Dr Wallen, who publishes research in prestigious international journals, leads a community-based exercise service for people with cancer.

He has participated in numerous cancer and transplant support groups, educating and advocating for the importance of exercise and lifestyle interventions for hundreds of patients and their families.

As a passionate Accredited Exercise Physiologist, Dr Wallen says he is deeply committed to communicating science and engaging with the community.

“I volunteer to improve the health of South Australian communities through the Pinnaroo Project and at national policy forums such as the Parliamentary Friends of Lymphoedema and Senate Inquiry into Rare and Less Common Cancers. The importance of these forums to benefit the health outcomes of the wider community cannot be overstated.”

Dr Brittany Johnson

Dr Brittany Johnson at the Caring Futures Institute.

Dr Brittany Johnson, Senior Research Fellow and Dietitian in the College of Nursing & Health Sciences, is exploring how to best support families of young children to develop health-promoting behaviours. Including how the introduction of school-provided meals in Australia could benefit families, schools and communities.

“My goal is to make it easier for parents and caregivers to promote healthy habits and behaviours for young children, through access to evidence-informed policies and practices through the settings where families spend their time.”

Passionate about community engagement, Dr Johnson has volunteered with the SA Committee of the Home Economics Institute of Australia (HEIA SA) to connect with professionals in education, community health, and industry on nutrition guidance, and she has run workshops with over 60 teachers from across the state.

“Volunteering has connected me with over 1600 members across Australia and the peak national body for home economics professionals. It’s a great way to improve the nutritional literacy of teachers, which they could pass on to their students.

Dr Johnson regularly does national media interviews and writes on her research topics in online media such as the Conversation.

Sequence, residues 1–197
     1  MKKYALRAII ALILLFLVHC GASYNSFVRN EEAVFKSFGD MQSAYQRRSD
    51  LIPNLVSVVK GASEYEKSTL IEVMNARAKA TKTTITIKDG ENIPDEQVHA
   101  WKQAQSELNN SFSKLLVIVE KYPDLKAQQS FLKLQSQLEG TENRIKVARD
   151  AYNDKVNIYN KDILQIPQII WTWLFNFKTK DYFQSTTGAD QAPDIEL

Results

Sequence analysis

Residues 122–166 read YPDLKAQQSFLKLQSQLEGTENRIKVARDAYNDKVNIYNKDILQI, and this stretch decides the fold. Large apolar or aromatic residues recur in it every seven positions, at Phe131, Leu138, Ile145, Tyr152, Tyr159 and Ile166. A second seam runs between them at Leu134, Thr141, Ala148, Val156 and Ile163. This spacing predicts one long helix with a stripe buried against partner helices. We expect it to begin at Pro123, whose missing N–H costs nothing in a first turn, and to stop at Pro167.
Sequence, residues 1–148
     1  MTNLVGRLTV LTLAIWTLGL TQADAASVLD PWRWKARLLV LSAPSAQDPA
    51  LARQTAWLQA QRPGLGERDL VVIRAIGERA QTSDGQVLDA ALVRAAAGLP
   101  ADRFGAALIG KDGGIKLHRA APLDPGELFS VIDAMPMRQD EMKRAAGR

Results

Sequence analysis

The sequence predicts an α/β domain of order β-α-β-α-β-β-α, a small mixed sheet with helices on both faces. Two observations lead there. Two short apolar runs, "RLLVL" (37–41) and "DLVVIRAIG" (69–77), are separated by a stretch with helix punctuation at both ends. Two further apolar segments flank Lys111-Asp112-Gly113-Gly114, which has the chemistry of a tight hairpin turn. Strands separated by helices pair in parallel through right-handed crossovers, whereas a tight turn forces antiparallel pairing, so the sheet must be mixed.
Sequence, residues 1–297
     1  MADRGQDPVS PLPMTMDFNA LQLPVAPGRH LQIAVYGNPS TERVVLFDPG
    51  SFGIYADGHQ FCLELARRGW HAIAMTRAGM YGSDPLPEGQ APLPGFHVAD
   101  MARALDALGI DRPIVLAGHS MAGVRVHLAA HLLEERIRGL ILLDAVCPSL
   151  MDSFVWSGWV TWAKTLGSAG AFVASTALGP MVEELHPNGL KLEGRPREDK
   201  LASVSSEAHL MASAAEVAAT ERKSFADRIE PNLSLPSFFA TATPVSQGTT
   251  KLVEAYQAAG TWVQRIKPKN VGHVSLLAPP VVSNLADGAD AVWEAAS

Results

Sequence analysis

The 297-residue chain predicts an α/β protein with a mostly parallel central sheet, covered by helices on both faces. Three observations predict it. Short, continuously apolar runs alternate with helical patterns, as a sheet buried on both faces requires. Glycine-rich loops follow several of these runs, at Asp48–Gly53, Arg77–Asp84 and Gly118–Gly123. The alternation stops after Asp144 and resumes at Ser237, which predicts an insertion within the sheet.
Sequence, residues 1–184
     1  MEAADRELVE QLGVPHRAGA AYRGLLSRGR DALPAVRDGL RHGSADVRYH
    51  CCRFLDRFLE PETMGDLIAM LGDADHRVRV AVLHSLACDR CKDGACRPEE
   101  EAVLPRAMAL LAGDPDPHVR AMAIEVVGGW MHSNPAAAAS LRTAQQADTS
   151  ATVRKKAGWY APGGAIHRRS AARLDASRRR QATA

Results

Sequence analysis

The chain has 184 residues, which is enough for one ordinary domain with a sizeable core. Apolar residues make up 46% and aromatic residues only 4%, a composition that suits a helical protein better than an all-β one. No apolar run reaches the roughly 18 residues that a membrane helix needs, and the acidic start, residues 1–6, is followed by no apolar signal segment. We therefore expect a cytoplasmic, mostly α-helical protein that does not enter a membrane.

“Members of the public have reached out to find out more about our research or how they can get involved, so there’s no better way to connect directly with the community that will benefit from our research.”

Dr Simone Deegan

Dr Simone Deegan.

Dr Simone Deegan in the College of Business, Government & Law is combining criminology and law to understand how trauma and disadvantage set young Australians on a pathway to prison.

Her research aims to empower young people to step outside of endless repetition and setbacks.

“While there are many “on-ramps” that push children into risky behaviour, we also know there are “off-ramps” that can help them escape. The ultimate goal of my research is to find these “off-ramps,” building better lives and safer communities.”

Dr Deegan is changing inaccurate perceptions about “bad kids” being locked up as a solution by understanding the impact of punitive sentencing practices and how justice involved youth can accomplish dramatic transformations. This is achievable when they’re provided with opportunities to learn, mature and grow into constructive members of society.

“As a volunteer, I conduct programs with students and at-risk young people to educate them on their legal rights and navigate relationships. This awareness helps them to refrain from illegal acts and to avoid future victimisation.”

Dr Deegan’s research has also culminated in ongoing film projects with incarcerated young people as a tool for broad reaching social change and justice reform. These documentaries tackle issues of entrenched disadvantage, juvenile brain development, mandatory sentencing as well as issues around reintegration and parole.

“My first documentary, ‘Stuck in Time’ (2019), tells the story of an Aboriginal teenager sentenced to life imprisonment for a murder he didn’t commit. My film’s reach was significant and is available through SBS On Demand and NITV.”

Presented by the Australian Institute of Policy and Science, the Young Tall Poppy Awards were created to celebrate achievement in the sciences and communicating the passion and purpose of Australia’s finest scientists to a wider audience.